In an interview with Alex Heath from, Michael Abrash, the Chief VR Scientist at Facebook made multiple bold predictions. He says that it could take nearly 5-10 years for mass adoption for augmented reality glasses, he says Oculus is the only company capable of introducing the next generation of virtual reality, and much more. 

Abrash is no stranger to the tech industry and how it operates. He worked on the first versions of the Windows operating systems, helped create and develop the first Xbox, and even helped mast the video game Quake. Abrash joined the Oculus team right before they were acquired by Facebook back in 2014, a deal worth $2 Billion at the time, and worth much more now. 

This interview from was conducted a few months ago but was recently published for consumer consumption. 

Abrash Interview

When asked about AR glasses and the hurdles that “everyone is waiting to overcome”, Abrash pointed out some key difficulties. 

“Unless you can have a display that meets the weight limits for something you can wear all day, meets the form factor requirements, most importantly meets the thermals, because you can only dissipate so much heat out of a glasses-like structure on your head, and gives you see-through quality that is comparable to normal glasses…because even when AR is something that everybody uses, 99% of the photons that hit your eyes or your retinas are actually still going to come from the real world.”

Abrash has some good points here, and he is likely telling some of the problems Facebook has run into in the last few years of trying to create this AR product. They aren’t hitting one specific roadblock right now. A lot of these problems aren’t being solved yet, and it is drastically impacting when this hardware will be available to the public. 

When Abrash spoke on input with the glasses, it was interesting to see what was said here. “There is no way that the way we’re going to interact with AR is going to be the way that we interact with our devices today. You are not going to take out your phone every time you want to do something. You’re not going to use a keyboard and mouse. You’re not going to just use your hands. What that interface is going to be, is multimodal. It will involve hands. I’ve talked about how we’re also working on haptic gloves.”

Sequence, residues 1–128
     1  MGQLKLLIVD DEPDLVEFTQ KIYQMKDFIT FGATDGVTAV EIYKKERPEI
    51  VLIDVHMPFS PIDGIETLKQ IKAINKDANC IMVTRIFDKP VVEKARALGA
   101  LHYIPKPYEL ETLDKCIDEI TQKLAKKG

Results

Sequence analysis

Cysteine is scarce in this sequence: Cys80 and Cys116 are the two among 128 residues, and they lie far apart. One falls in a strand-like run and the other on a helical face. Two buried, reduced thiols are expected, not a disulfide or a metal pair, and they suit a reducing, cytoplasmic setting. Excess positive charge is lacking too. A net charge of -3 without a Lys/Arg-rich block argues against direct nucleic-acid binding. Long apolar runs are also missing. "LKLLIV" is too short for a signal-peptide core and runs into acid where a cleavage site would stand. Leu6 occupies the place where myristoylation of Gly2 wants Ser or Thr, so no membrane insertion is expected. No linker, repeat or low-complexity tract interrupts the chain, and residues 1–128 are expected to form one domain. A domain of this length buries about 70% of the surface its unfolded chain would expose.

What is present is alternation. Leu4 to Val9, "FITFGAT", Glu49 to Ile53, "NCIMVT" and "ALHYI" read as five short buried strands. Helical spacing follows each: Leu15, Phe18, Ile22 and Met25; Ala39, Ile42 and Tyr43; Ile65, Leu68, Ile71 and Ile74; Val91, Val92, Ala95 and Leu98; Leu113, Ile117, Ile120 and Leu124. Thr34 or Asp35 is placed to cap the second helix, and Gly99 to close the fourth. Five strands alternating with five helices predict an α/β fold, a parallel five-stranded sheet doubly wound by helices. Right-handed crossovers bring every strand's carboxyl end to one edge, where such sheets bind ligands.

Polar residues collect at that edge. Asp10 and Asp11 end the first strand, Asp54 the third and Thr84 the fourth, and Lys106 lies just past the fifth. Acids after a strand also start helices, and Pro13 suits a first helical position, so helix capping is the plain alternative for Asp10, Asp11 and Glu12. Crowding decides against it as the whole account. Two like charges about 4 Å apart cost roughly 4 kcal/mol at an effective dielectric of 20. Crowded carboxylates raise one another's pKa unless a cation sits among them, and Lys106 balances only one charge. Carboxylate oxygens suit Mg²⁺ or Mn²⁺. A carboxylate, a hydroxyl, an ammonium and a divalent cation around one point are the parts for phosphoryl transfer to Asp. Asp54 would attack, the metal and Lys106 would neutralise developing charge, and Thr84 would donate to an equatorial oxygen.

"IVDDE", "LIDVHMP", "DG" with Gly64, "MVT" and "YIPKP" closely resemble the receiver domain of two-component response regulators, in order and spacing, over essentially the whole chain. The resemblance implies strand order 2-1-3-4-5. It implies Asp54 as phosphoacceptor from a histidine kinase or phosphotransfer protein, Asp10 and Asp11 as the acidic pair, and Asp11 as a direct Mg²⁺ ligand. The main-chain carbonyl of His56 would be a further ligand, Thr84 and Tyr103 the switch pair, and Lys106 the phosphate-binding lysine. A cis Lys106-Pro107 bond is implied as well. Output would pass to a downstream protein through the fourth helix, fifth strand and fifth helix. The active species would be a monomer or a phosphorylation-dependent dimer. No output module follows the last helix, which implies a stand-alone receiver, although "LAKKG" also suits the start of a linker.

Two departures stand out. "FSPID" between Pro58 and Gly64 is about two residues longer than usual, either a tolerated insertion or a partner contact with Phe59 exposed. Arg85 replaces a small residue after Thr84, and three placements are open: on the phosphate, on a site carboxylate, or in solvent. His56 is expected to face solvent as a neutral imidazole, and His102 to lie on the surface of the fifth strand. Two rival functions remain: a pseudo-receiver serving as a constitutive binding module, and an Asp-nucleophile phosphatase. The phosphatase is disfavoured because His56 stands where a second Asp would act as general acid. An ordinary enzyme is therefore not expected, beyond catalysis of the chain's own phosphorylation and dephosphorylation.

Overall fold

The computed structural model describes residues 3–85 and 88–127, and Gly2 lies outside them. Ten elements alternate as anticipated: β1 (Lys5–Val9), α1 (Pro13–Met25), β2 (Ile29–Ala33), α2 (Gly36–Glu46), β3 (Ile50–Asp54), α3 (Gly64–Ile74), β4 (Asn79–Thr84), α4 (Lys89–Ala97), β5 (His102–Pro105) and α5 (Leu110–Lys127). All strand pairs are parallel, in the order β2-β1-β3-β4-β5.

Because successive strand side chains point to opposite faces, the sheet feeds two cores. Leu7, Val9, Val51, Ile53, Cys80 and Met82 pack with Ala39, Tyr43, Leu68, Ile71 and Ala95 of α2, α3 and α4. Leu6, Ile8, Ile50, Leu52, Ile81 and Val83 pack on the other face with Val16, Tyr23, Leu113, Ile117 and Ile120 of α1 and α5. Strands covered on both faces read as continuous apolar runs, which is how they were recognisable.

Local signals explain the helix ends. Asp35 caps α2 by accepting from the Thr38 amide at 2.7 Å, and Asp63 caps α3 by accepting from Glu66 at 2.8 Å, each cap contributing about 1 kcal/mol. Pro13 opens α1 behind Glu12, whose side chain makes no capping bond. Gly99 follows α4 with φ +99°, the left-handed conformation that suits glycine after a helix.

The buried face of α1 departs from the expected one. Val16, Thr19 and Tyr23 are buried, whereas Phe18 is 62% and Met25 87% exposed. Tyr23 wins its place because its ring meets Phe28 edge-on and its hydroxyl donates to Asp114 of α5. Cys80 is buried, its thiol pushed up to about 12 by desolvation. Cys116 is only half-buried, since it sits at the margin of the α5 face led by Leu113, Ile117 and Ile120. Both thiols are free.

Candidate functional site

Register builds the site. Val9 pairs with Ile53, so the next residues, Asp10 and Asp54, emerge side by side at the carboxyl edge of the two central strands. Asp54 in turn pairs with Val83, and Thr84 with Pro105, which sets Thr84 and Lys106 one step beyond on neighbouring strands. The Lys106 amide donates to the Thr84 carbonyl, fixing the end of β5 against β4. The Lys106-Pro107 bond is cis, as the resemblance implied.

AR Input

Haptic gloves? He talks about how mass adoption will only happen if the product is near perfect, and then he throws in haptic gloves? If you are wearing AR glasses with the idea to cut down on hardware, we can promise that the last thing you’ll want to wear is a pair of gloves. Having a phone in your hand is much easier and much more socially acceptable. 

One of the most eyebrow-raising comments came from when Abrash was asked about how unique Oculus is vs the competition. He said that “On the VR side, I think it is very unique. No company has invested at anywhere near the level we have. When the next generation of VR shows up, it will be because we did it. I see no other way it’ll happen.” Well, if this is true, most won’t be surprised. With that being said, there are plenty of other companies in great position going into the new decade when it comes to virtual reality. 

Abrash was asked a few questions about AR glasses and the timeline, and he was very consistent with his answers. He compared the AR glasses on the market right now to the early smartphone days with the Blackberry. It had adoption, but everyone knew it could be better. He referenced what Oculus is doing as if it were going to be the iPhone of the AR industry. Leaps and bounds better than any competitor. 

Consumer Timeline

“The question is, what glasses will be out there? My point is not that nothing will get out there. It’s really what gets us to the BlackBerry point where you would have your glasses with you right now.”

To wrap things up, when asked if the Facebook AR glasses could be available in the next five years, Abrash wouldn’t commit much of any definitive timeline. “My personal opinion is five years. I could be wrong, because I also have a very high bar for what functionality is necessary to get to that point. I’m informed regularly that I set the bar very high. I actually think that’s great. I should be the person out on the end pulling in that direction.”

“We don’t think that there are problems here that are not solvable within ten years. I’m not talking about Facebook. I’m just talking about the industry as a whole. This is my interpretation of the trends.”


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